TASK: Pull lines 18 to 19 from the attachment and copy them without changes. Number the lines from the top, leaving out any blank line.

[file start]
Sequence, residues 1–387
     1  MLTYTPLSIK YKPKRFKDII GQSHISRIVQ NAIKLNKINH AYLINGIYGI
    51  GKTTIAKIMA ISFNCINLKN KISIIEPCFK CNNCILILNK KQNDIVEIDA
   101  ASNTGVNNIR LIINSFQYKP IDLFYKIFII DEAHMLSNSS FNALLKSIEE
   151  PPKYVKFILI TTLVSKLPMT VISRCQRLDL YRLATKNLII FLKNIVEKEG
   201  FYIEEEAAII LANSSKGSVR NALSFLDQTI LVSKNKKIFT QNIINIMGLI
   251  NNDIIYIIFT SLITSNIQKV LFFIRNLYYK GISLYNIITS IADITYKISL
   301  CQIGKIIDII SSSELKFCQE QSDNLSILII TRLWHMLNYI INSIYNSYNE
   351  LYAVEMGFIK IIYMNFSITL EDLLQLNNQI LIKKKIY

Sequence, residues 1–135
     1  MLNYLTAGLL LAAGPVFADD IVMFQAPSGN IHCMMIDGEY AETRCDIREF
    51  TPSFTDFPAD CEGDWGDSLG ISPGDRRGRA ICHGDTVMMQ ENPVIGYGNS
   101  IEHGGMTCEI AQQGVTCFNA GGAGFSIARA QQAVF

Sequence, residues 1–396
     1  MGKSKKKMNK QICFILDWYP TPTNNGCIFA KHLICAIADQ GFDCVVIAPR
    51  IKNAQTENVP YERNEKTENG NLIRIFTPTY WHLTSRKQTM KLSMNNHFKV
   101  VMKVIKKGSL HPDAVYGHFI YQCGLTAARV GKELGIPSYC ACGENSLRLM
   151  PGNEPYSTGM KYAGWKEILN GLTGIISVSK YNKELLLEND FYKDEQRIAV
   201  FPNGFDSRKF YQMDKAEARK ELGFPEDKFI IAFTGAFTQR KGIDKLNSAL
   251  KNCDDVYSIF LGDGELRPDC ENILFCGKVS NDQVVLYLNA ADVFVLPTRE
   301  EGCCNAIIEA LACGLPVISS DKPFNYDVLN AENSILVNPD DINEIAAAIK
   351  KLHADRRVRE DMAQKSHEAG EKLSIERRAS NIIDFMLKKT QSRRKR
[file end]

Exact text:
   151  PGNEPYSTGM KYAGWKEILN GLTGIISVSK YNKELLLEND FYKDEQRIAV
   201  FPNGFDSRKF YQMDKAEARK ELGFPEDKFI IAFTGAFTQR KGIDKLNSAL